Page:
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Ordinary people as mass murderers: perpetrators in comparative perspective
bookposted on 20.08.2014, 09:26 by Olaf Jensen, Claus-Christian W. Szejnmann
Ordinary People as Mass Murderers offers a series of essays that explore one of the most fundamental and widely-discussed questions confronted by humanity: how do 'ordinary' people come to participate in mass murder? Recent scholarship has presented a complex and heterogeneous picture of ordinary perpetrators and shows that no age group, gender, or social, ethnic, religious or educational cohort is exempt from feeding the ranks of mass murderers. This book brings together a mix of established and younger experts to provide a unique and up-to-date overview of the current state of research, much of it previously unpublished in English. Nine contributions and an introduction combine to present complex findings in an accessible format, approaching the topic from a variety of perspectives (history, gender, sociology, psychology, law, comparative genocide) and addressing a number of hitherto unresolved questions. Together they show that our knowledge has moved on considerably since Christopher Browning's path-breaking Ordinary Men (1992) and they add significant new impetus to contemporary efforts at understanding different forms of genocide.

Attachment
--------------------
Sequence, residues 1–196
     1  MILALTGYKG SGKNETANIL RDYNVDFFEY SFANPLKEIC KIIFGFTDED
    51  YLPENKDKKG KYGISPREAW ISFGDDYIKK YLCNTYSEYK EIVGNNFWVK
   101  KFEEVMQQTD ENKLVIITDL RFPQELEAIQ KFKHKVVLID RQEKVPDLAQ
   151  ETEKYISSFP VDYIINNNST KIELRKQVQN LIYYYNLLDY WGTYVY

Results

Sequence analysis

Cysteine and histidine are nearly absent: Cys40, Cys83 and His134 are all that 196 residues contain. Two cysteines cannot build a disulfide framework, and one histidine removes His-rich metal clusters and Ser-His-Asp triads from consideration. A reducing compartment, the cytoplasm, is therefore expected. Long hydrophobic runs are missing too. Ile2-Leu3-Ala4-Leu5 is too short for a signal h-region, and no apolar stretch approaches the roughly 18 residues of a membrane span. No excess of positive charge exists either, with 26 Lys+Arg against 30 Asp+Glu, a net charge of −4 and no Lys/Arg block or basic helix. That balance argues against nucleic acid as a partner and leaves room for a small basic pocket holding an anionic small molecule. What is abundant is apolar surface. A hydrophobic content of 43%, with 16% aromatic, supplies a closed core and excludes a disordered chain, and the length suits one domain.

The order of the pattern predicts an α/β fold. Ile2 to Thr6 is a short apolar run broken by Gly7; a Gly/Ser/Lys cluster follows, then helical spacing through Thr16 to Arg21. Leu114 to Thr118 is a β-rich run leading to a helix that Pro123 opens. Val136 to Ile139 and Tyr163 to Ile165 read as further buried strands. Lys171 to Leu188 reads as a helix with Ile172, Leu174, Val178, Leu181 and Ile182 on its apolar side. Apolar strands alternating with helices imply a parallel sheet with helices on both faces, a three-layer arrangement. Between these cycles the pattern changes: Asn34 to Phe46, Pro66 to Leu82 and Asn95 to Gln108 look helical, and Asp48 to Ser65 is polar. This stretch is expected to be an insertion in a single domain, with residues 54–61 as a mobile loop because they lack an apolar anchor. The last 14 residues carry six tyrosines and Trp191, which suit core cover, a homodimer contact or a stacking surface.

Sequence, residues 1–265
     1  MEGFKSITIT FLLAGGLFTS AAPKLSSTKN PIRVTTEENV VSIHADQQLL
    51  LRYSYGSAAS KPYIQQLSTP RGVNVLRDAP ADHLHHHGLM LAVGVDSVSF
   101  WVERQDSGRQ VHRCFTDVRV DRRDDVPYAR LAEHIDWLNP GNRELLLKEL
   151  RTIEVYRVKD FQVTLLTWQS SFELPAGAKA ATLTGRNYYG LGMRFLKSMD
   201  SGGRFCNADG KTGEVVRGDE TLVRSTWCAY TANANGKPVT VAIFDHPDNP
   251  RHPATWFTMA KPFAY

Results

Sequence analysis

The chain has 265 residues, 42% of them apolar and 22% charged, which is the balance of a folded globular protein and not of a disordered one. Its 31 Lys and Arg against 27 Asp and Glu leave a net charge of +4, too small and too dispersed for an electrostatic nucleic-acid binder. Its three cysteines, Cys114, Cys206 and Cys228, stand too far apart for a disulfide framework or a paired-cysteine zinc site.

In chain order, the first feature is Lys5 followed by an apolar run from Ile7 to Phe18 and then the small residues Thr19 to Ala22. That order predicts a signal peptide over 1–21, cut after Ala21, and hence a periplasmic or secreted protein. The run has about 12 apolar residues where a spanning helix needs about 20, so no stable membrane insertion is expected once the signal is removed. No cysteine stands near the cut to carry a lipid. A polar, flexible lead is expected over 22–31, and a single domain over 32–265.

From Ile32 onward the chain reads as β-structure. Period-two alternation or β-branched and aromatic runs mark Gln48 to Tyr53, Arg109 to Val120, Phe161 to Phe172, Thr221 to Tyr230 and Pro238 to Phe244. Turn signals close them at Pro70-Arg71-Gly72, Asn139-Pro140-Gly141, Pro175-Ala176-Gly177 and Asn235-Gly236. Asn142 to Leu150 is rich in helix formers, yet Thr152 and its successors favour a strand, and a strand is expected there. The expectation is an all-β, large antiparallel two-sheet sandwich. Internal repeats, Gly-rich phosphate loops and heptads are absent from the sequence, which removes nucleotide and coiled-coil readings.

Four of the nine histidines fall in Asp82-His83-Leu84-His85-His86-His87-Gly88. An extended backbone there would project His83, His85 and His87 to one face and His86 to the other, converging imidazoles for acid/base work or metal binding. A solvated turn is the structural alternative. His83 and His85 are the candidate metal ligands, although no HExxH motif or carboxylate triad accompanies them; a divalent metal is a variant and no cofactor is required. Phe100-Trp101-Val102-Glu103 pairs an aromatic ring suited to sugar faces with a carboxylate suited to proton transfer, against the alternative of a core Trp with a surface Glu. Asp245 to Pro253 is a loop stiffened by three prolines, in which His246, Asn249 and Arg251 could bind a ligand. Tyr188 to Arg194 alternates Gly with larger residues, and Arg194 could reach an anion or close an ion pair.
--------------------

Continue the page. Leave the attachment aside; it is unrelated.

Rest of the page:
- Social Sciences
- Politics and International Studies